“If more men were to spend time – 9 or 10 hours a year praying in front of (an abortion) clinic, we could bring the abortion industry to its knees, especially here in Phoenix, where it’s teetering as it is.”

“If I’m a Catholic man looking for friends or to make an impact, this is where I’d look. Go where the action is. You won’t lonely long in this life, and your work will be even greater in the next.”

Kevin Starrs, who heads the Diocese of Phoenix’s Prison Ministry, shared the approach that drew him closer to God following a childhood that included a difficult relationship with his father and, later, a marijuana addiction that the Lord freed him from.

“I started going to Mass and crying out to Him. I went on retreats. I started to fast. And, little by little, He started to take the ‘weed’ away. It was a slow process. I read. I started to meditate on the Scriptures.”

He eventually became interested in mentoring and counseling young men, including those with gang ties, and in 1994 was hired by the Diocese to go into prisons and speak with inmates.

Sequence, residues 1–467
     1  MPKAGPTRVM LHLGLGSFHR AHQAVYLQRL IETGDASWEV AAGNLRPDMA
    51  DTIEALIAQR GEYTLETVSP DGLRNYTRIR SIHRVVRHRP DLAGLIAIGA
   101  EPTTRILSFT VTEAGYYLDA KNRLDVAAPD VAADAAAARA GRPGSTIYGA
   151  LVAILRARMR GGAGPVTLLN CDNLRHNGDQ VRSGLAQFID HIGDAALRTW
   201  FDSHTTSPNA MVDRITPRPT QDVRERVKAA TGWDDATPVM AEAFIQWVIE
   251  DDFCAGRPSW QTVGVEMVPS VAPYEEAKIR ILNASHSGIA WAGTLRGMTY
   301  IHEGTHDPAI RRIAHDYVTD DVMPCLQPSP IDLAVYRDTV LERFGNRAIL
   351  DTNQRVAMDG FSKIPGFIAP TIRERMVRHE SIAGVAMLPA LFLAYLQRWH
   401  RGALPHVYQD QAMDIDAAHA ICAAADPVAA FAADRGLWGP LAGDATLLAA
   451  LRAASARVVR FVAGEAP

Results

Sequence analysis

Starrs shared with the men his advice for a deeper and more productive life with God.
Start meeting with Him. “Go to your ‘closet’ where no one but your Heavenly Father sees you. It’s about spending consistently, quality time alone with God.”

He challenged the men to step back and ask, “What does my prayer life look like? Do I get up in the morning to be with my Lord, who is crying for me to come?”

“Get into the Mass readings. Before you know it, 30-40 minutes will go by fast. That will prepare you to go out into the world for the day with courage.”

For those with the wounds of bad experiences with parent, Starrs said they must not fear facing those hurts, and recognize that some wounds take a lifetime to heal, but that with God all things are possible.

“A lot of us men have been carrying father wounds or a parent wound. At the end of the day, we kind of just accept it – that’s just the way it goes. But the truth is, those wounds cut deep into who we are and they affect our relationships. I’m 63 years old. God’s still healing me. You’re never too old to ask Him to help you heal, help you forgive your father or your mother.”